Linux ntpd sendto() Bad file descriptor error and solution

by on April 16, 2007 · 3 comments· LAST UPDATED December 14, 2007

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Q. I’m using Red hat Enterprise Linux server. I’m getting following error in /var/log/message file:

Apr 16 16:38:02 server ntpd[22694]: sendto(10.0.77.54): Bad file descriptor
Apr 16 16:38:08 server ntpd[22694]: sendto(66.111.46.200): Bad file descriptor
Apr 16 16:38:25 server ntpd[22694]: sendto(83.133.111.7): Bad file descriptor
Apr 16 16:38:28 server ntpd[22694]: sendto(81.169.156.100): Bad file descriptor

How do I fix above errors?

A. If you are seeing Bad file descriptor errors in /var/log/messages, make sure that only one instance of ntpd is running.

Step #1: Stop ntpd

Type the following command to stop ntpd:
# /etc/init.d/ntpd stop

Step #2: kill ntpd

Type the following command to kill all instance of ntpd:
# killall ntpd

Step #3: Start ntpd

# /etc/init.d/ntpd start

Step #4: Watch log file /var/log/messages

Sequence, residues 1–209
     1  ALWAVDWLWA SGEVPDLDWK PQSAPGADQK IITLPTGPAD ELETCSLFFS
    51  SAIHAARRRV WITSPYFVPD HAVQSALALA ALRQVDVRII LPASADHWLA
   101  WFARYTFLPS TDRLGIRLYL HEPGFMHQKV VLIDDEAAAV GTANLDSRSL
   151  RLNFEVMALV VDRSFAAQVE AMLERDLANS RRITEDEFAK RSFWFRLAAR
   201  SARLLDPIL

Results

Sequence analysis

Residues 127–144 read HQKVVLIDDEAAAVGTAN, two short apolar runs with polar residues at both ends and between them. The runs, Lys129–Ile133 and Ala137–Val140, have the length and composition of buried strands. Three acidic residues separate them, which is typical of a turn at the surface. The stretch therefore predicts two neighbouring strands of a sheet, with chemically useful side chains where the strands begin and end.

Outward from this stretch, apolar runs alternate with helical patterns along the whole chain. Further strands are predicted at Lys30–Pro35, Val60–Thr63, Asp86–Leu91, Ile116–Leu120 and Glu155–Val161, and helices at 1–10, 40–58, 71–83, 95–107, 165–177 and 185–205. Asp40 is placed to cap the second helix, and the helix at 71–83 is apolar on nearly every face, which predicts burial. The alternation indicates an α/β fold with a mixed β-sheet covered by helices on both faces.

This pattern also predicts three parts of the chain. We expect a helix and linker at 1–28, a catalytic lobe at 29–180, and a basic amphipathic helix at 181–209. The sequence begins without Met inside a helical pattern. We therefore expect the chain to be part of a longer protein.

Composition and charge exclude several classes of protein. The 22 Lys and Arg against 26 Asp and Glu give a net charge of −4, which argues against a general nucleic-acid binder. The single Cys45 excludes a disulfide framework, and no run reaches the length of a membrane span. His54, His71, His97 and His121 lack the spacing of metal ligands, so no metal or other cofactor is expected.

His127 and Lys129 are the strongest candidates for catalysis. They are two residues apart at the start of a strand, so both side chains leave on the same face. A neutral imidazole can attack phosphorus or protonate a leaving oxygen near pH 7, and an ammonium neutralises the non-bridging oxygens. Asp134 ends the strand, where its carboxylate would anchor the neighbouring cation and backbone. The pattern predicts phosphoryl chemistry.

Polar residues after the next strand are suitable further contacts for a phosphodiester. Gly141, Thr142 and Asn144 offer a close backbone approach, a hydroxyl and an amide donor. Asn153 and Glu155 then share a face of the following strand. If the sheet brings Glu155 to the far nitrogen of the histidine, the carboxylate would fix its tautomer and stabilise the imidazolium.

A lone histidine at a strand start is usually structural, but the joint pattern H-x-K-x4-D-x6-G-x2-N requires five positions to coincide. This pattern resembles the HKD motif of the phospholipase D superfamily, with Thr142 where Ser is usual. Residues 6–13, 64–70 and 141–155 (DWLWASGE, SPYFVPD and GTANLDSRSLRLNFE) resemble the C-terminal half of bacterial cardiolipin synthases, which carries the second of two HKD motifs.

Use tail command:
# tail -f /var/log/messages
Output:

Apr 16 16:44:35 server ntpd[17549]: Listening on interface lo, 127.0.0.1#123
Apr 16 16:44:35 server ntpd[17549]: Listening on interface eth0, 10.5.123.2#123
Apr 16 16:44:35 server ntpd[17549]: Listening on interface eth1, 71.26.1.25#123
Apr 16 16:44:35 server ntpd[17549]: kernel time sync status 0040
Apr 16 16:44:36 server ntpd[17549]: frequency initialized -58.648 PPM from /var/lib/ntp/drift
Apr 16 16:47:52 server ntpd[17549]: synchronized to LOCAL(0), stratum 10
Apr 16 16:47:52 server ntpd[17549]: kernel time sync disabled 0041
Apr 16 16:47:52 server ntpd[17549]: synchronized to 71.26.2.221, stratum 1
Apr 16 16:50:00 server ntpd[17549]: synchronized to 10.0.77.54, stratum 
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{ 3 comments… read them below or add one }

1 simon September 15, 2009 at 1:20 pm

I want to know whether can I create 16 thread once ?and use them in some rules.

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2 dacula January 20, 2010 at 12:48 pm

Should be:

/etc/init.d/ntp stop

and

/etc/init.d/ntp start

:)

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3 Randy December 9, 2010 at 3:16 pm

Negative, that may be system dependent, but on every variant I have personally worked on it is ALWAYS “ntpd” not “ntp” since its a daemon. (Just like the apache webserver is httpd not http, and mysqld not mysql, etc etc)

P.S. thanks for the Answer, I had the same problem and it didn’t occur to me to look if a second process was running after I had done a “/sbin/service ntpd stop” :)

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